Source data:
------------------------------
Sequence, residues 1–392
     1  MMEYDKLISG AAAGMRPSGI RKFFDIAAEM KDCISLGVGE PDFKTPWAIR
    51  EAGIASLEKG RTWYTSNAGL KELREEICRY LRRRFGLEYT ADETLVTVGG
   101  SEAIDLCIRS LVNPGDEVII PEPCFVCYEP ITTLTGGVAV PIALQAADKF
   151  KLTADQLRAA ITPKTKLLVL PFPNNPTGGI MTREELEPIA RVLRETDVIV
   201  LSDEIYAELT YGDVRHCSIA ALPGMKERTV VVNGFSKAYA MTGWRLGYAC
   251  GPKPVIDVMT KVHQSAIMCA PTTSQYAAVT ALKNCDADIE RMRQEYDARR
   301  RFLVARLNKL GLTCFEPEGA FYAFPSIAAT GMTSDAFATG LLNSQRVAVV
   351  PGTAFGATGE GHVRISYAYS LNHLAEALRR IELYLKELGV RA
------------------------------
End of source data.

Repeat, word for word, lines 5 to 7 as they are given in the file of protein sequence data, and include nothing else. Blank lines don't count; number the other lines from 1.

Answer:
   151  KLTADQLRAA ITPKTKLLVL PFPNNPTGGI MTREELEPIA RVLRETDVIV
   201  LSDEIYAELT YGDVRHCSIA ALPGMKERTV VVNGFSKAYA MTGWRLGYAC
   251  GPKPVIDVMT KVHQSAIMCA PTTSQYAAVT ALKNCDADIE RMRQEYDARR